Génome Québec is also partnering with companies like Invitrogen, Illumina, and Agencourt to address the technological aspects of developing the PGx platform.
According to the abstract for the PRIVAC project, Agencourt will develop “rapid clinical methods” for DNA isolation, Invitrogen will provide “technological improvements” for genotyping and medical re-sequencing, and Illumina will offer “excellent opportunities of knowledge transfer and commercialization of standardized pharmacogenomic tests developed through this project and which will have broad applicability across the pharmaceutical industry.”
“When we provide a service to develop a panel to better know the response to a drug, we also need to improve the technology we’re working with,” Jabet said. “Right now we’re really focused on genotyping, but there are several platforms to run genotypes and so really we want to test this. We’re also looking at sequencing, gene expressions.”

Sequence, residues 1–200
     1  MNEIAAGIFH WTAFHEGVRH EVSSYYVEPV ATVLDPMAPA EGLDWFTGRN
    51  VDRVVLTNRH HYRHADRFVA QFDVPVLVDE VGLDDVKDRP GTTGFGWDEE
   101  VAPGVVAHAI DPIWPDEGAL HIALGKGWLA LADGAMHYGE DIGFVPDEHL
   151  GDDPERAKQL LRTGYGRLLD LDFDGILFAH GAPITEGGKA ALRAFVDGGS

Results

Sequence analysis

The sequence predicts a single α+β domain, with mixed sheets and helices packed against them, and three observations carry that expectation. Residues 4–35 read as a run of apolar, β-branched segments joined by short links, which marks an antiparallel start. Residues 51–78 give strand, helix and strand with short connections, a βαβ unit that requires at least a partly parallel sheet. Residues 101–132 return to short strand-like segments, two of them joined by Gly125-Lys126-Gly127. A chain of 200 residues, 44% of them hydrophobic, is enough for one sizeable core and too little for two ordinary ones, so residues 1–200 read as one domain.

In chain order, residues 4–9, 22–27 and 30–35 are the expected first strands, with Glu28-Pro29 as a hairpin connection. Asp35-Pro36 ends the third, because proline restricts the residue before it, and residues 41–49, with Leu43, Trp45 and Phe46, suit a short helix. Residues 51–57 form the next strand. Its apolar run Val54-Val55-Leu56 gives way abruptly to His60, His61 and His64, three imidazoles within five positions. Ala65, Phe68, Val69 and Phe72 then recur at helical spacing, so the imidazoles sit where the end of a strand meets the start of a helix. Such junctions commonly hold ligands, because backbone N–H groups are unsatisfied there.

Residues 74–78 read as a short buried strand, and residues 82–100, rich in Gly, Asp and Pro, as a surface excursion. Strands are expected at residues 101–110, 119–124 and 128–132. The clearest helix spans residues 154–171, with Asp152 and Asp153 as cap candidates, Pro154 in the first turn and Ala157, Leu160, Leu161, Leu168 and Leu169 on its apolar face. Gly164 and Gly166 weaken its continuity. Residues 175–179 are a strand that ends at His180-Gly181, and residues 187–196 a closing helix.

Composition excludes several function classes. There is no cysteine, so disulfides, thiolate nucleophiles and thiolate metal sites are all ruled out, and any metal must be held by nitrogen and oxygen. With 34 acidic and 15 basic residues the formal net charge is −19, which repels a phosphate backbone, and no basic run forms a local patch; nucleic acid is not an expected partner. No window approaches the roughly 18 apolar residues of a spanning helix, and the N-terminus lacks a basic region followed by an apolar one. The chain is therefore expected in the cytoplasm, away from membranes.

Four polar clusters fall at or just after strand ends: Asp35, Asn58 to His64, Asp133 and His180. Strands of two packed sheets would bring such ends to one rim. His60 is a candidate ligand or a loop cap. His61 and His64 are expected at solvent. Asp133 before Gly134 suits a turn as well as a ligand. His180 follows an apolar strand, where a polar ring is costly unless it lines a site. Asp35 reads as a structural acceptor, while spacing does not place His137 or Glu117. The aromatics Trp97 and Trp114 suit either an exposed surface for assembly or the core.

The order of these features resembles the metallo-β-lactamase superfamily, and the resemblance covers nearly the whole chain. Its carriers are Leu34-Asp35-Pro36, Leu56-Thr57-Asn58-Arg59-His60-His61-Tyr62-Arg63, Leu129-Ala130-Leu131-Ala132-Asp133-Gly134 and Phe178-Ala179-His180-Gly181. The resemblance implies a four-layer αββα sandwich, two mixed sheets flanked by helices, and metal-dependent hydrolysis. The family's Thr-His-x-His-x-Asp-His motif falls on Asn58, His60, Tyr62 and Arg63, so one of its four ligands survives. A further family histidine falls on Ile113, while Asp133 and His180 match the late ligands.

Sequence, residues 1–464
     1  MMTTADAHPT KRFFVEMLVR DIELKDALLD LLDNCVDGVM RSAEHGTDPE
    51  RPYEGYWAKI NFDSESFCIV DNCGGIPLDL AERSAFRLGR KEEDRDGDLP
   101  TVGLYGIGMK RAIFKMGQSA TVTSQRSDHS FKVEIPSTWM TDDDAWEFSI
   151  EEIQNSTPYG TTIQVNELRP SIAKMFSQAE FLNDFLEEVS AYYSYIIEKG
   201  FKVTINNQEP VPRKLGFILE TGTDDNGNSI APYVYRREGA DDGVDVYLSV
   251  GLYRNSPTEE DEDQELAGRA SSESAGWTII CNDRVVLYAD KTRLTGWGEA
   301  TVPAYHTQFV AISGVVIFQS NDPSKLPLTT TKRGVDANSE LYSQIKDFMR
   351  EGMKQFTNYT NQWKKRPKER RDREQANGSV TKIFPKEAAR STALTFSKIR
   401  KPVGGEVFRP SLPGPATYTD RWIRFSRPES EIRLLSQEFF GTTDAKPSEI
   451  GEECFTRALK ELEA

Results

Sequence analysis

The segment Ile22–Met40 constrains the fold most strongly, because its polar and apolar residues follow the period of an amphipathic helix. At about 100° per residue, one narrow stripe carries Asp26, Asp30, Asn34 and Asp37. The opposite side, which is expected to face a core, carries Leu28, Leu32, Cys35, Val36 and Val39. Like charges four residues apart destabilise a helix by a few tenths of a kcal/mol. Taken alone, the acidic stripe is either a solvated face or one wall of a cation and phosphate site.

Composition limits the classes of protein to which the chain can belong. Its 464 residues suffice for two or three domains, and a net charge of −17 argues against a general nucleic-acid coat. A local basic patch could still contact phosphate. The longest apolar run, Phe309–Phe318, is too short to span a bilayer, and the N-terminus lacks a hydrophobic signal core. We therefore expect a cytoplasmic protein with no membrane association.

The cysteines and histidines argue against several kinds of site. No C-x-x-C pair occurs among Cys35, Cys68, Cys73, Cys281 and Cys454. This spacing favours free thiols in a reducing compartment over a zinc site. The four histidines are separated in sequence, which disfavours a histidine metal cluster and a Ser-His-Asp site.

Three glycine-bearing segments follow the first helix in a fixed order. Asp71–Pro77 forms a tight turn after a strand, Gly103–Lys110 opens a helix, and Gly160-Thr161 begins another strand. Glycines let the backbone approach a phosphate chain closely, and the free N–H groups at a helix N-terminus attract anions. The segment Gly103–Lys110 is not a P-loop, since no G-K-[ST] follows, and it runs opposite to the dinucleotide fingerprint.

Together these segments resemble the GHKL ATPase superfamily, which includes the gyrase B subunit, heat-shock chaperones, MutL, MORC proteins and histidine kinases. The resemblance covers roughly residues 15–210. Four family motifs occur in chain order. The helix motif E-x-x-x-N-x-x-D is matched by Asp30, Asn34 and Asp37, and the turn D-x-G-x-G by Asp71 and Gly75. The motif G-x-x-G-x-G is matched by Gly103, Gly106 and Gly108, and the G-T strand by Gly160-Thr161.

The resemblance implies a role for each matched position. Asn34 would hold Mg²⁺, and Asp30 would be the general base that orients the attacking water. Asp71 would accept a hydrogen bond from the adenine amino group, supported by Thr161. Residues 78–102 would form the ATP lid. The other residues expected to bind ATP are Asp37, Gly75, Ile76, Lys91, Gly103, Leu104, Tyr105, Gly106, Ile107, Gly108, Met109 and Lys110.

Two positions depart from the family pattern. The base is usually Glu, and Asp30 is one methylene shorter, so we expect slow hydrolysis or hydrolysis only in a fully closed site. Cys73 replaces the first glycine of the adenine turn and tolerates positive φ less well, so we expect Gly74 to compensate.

“To be able to answer VIA Pharmaceutical’s questions we really need to be at the cutting edge from a technological standpoint,” she added. “That’s why companies like Invitrogen are very important for us to be associated with.”
Génome Québec could not provide any further details regarding the technologies it is investigating with industry partners to expand its PGx platform. However, Jabet added that Génome Québec’s platform “can run pharmacogenomics assays in GLP conditions” and is already providing services to some customers.
The PRIVAC Program
The PGx platform is one of three PRIVAC grants Génome Québec awarded earlier this month totaling CAN$21.3 million.
The other projects involve the use of genomics to develop immunotherapies and vaccines, and the development of a genomic platform to identify signaling pathways in cancer. The projects were selected by an international committee of research scientists and industry representatives.